# Condition for a number to be a Fibonacci one

1. May 30, 2014

### muzialis

Hi all, I found the following statement on a magazine page and cannot understand it. It is possibly very distant from the little maths I know, but made me very curious.
It is therein said that if a number $$n$$ is a Fibonacci number, then one of the conditions $$5n^2 + 4$$ or $$5n^2-4$$ is true.
The conclusion follows from the following relationship, where $$A_n$$ is the n-th number in the Fibonacci sequence.
$$n = log_{golden ratio} \frac{A_n \sqrt{5} + \sqrt{5A_n^2 +-4}}{2}$$.
I am unable to see how the conclusion is drawn, any hint would be most appreciated.
Thanks a lot

2. May 30, 2014

### Staff: Mentor

These are not conditions, these are expressions.

3. May 30, 2014

### muzialis

Borek,

how to disagree with you...I of course forgot to mention the fact those expression have to be perfect squares, i.e. the square of an integer number.

thanks

4. May 30, 2014

### HallsofIvy

Staff Emeritus
So you disagree with Borek while admitting that he was right?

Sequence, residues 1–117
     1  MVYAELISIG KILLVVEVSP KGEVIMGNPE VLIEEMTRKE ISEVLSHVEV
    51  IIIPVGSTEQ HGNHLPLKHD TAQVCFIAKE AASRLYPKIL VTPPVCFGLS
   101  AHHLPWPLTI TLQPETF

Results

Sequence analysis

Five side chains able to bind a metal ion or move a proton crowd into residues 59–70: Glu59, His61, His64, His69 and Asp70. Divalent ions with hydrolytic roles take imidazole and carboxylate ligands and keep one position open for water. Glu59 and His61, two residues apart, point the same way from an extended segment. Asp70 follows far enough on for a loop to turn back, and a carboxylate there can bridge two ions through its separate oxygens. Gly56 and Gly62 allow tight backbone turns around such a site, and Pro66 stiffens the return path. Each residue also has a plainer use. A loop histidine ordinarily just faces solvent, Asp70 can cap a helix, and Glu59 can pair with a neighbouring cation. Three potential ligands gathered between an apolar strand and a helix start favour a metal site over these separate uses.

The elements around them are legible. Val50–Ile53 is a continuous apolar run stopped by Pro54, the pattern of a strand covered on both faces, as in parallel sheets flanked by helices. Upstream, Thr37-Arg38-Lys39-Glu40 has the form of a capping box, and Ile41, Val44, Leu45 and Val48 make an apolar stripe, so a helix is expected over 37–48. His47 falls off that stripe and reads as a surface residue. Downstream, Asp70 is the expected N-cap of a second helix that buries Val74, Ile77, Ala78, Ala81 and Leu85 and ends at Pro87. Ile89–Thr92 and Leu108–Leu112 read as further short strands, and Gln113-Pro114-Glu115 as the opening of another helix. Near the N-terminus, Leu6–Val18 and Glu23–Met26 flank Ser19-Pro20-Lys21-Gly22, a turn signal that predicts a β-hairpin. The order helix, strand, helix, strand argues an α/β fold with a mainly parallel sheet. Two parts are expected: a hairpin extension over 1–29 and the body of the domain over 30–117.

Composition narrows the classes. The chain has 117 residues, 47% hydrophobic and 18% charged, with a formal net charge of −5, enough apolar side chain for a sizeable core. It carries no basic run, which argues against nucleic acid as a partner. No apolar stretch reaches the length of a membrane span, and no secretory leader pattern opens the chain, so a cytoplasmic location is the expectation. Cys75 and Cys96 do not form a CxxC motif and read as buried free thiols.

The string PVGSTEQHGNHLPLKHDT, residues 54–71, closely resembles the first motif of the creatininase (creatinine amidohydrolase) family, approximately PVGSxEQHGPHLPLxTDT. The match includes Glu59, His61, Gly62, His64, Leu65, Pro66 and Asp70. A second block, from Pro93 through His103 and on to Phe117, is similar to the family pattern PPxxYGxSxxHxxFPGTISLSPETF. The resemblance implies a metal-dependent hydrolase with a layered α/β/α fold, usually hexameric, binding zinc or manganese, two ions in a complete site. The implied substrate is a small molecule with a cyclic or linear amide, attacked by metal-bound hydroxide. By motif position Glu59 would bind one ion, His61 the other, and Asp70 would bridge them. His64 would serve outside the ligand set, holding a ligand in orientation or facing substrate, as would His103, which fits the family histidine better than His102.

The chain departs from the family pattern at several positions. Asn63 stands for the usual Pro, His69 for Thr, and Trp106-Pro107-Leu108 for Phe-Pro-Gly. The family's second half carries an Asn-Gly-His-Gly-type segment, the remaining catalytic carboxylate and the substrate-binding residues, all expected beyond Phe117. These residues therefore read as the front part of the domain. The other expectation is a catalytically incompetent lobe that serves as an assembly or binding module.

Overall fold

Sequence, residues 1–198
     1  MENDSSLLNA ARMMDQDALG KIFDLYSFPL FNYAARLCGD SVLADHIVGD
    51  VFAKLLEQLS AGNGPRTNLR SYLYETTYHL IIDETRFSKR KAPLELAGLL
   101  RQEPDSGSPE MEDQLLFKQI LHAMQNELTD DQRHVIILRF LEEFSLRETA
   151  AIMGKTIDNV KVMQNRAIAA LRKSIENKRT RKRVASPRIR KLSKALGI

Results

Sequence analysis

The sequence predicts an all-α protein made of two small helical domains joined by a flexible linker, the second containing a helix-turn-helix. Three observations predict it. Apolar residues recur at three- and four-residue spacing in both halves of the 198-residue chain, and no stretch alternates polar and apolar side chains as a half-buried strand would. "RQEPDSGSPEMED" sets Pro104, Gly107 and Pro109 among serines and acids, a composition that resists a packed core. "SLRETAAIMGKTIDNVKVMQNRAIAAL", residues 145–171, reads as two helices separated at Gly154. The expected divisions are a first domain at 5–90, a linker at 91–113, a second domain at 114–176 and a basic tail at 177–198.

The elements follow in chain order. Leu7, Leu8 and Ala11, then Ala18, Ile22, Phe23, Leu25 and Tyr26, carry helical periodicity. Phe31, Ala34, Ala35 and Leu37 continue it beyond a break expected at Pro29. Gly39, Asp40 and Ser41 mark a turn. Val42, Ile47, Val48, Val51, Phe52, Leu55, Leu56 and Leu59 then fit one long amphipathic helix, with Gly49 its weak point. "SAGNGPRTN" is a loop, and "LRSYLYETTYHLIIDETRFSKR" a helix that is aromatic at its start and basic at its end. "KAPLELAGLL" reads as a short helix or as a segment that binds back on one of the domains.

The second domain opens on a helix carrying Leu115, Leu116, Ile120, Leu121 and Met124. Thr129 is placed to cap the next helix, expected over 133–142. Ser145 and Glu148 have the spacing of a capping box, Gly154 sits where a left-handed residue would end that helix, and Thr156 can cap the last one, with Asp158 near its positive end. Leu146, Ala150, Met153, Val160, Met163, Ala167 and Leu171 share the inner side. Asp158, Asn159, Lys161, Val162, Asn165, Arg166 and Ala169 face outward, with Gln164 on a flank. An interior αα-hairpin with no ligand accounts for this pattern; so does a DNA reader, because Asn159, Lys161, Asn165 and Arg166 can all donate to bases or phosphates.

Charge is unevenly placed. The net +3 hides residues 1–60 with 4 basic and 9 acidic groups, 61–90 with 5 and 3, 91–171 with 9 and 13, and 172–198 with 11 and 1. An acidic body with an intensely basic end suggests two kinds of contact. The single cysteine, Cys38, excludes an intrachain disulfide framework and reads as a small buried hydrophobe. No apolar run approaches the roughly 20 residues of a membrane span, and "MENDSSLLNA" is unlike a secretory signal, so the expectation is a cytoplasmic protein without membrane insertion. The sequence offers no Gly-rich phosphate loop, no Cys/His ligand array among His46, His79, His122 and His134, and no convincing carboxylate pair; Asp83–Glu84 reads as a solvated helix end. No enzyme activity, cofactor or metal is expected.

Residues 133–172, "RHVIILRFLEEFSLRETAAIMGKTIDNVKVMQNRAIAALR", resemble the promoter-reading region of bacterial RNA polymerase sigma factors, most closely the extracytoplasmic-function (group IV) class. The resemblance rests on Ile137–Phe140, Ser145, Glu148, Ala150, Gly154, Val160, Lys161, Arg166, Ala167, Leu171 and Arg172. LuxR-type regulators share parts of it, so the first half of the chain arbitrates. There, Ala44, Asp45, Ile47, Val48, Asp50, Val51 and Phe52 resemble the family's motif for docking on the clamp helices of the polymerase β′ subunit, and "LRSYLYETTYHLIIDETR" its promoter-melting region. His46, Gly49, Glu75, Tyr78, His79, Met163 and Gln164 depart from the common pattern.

5. May 30, 2014

### muzialis

Hallsoflvy,

regreftully I do not understand what you mean.
Borek's remark was of course correct and I agree with it, as clearly stated in my post. Subsequently I tried to add the (missing) information that would make the problem at least meaningful. i.e. I clarified those "expressions" have to be perfectsquares, leading to conditions.

6. May 30, 2014

### D H

Staff Emeritus
The Binet formula gives a closed form solution for finding the nth Fibonacci number:
$$F_n = \frac{\phi^n - (-1/\phi)^{-n}}{\sqrt 5}$$or
$$F_n =\begin{cases} \frac{\phi^n - (\phi)^{-n}}{\sqrt 5} & \text{n even} \\ \frac{\phi^n + (\phi)^{-n}}{\sqrt 5} & \text{n odd} \end{cases}$$
Solving for $\phi^n$ yields
$$\phi^n =\begin{cases} \frac{F_n\sqrt 5 + \sqrt{5F_n^2 + 4}} 2 & \text{n even} \\ \frac{F_n\sqrt 5 + \sqrt{5F_n^2 - 4}} 2 & \text{n odd} \end{cases}$$
Taking the log of both sides to base $\phi$ gives an closed form solution for finding the index number given a Fibonacci number.

Note that $\phi^n$ can be expressed in the form $\phi^n = \frac {a_n + b_n\sqrt 5} 2$ where $a_n$ and $b_n$ are integers. To match that form, at least one of $\sqrt{5F_n^2 \pm 4}$ must be an integer. In other words, at least one of $5F_n^2 \pm 4$ must be a perfect square.

7. May 30, 2014